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Blocks of frozen ground, known as permafrost, break off into the ocean as the ground thaws along coast of Canada
Natural Resources Canada, Earth Sciences Sector

The Warming Arctic

The climate had become warmer during the past few decades in the north polar region . Temperatures are rising twice as fast as they are elsewhere in the world.

Warmer temperatures cause other things to change. Many glaciers are melting quickly. Sea ice covers less of the Arctic Ocean each summer. Snow blankets some areas for less of the year. Thawing permafrost releases greenhouse gas into the atmosphere. It also damages buildings and roads. Along the coast, thawing causes erosion, like in the picture at the left.

Some plants and animals are moving further north to be where it is cooler. For example, shrubs and trees are able to grow further north. Some living things increase their numbers as the climate warms and other do not do as well. There used to be 24,000 Peary caribou in northern Canada in 1961. But 1997 there were only about 1100 caribou. Many could not survive because were times when food was limited. The number of polar bears may be declining because sea ice is melting. Meanwhile, in Alaska, spruce bark beetles are breeding faster than ever in the warmer climate. From 1993 to 2003 the oversized beetle population chewed up 3.4 million acres of forest trees.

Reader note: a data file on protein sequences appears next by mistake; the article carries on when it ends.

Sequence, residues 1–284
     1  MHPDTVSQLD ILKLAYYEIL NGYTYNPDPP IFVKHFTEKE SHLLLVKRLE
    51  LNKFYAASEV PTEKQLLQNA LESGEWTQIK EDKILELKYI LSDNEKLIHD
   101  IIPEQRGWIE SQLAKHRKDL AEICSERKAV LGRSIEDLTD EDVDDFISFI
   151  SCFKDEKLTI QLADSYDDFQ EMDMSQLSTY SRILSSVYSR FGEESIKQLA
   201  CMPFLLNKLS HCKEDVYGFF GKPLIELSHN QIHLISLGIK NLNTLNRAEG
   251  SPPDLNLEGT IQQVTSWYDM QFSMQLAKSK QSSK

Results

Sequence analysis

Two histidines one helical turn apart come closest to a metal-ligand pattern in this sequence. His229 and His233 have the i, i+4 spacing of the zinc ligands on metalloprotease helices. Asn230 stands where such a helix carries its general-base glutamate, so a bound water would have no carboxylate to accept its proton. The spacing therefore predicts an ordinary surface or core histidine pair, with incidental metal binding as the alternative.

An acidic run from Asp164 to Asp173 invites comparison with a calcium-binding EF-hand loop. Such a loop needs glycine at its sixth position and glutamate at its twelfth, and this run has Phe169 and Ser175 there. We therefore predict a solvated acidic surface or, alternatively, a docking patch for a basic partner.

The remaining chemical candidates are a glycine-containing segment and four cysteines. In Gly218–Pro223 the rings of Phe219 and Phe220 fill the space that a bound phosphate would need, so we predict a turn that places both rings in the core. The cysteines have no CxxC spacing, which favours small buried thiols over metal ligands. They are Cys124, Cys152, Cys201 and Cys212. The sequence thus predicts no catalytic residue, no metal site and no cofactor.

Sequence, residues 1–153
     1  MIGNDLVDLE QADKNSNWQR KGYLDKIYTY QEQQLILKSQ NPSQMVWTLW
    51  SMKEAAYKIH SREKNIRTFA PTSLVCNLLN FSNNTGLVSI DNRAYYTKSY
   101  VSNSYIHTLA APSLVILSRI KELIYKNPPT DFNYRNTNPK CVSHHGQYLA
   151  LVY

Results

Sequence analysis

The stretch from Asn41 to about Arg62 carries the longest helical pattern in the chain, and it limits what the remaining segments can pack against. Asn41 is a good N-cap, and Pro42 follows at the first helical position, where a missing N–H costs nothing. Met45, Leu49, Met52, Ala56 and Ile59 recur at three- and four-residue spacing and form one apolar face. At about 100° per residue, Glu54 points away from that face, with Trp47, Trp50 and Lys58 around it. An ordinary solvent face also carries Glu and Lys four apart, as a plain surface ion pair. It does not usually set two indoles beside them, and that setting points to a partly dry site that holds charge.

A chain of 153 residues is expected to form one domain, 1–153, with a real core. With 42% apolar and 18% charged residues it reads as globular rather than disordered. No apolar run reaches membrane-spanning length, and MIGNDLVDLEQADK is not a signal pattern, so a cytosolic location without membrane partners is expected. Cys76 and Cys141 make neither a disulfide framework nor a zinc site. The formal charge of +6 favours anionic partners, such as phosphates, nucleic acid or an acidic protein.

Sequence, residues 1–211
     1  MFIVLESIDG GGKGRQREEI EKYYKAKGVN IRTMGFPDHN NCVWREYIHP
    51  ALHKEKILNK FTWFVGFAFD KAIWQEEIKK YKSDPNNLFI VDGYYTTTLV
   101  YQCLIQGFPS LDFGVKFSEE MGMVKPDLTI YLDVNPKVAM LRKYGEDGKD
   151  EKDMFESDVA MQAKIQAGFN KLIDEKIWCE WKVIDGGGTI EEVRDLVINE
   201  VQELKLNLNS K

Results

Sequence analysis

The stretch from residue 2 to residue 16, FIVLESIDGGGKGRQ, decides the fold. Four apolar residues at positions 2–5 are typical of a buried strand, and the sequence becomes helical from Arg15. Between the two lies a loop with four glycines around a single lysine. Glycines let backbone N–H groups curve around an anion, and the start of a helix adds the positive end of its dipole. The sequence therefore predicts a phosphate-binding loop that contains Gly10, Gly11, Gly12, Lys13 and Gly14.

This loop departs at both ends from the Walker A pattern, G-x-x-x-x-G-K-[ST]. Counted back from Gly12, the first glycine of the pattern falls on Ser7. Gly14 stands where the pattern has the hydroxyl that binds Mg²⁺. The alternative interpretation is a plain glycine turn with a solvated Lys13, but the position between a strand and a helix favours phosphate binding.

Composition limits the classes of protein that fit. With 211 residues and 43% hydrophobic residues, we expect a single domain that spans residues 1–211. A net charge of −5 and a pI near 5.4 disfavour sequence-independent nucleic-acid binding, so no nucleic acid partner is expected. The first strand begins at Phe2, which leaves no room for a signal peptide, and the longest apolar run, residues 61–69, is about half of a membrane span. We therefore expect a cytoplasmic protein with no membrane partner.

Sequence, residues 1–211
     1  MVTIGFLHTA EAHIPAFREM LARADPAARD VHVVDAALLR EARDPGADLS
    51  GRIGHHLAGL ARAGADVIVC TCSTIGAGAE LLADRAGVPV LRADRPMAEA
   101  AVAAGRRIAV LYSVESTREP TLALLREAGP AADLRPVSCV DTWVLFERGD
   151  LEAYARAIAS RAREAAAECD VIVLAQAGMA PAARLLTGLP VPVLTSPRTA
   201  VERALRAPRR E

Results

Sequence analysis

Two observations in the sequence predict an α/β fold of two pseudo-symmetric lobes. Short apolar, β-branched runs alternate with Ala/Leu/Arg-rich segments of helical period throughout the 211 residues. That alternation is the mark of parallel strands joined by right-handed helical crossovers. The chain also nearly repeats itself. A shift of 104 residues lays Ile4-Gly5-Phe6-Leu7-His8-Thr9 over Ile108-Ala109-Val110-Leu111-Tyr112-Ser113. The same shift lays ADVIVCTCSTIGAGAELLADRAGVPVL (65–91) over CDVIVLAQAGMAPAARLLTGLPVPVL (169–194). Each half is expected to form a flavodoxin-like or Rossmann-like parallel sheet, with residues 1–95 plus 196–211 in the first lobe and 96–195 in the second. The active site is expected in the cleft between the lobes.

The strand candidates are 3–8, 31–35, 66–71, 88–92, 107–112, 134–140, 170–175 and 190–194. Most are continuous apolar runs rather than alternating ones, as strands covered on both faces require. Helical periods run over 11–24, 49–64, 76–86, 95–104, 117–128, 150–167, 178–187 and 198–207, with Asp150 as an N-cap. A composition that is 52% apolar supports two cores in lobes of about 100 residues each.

Last modified March 4, 2008 by Lisa Gardiner.

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The Summer 2010 issue of The Earth Scientist, available in our online store, includes articles on rivers and snow, classroom planetariums, satellites and oceanography, hands-on astronomy, and global warming.

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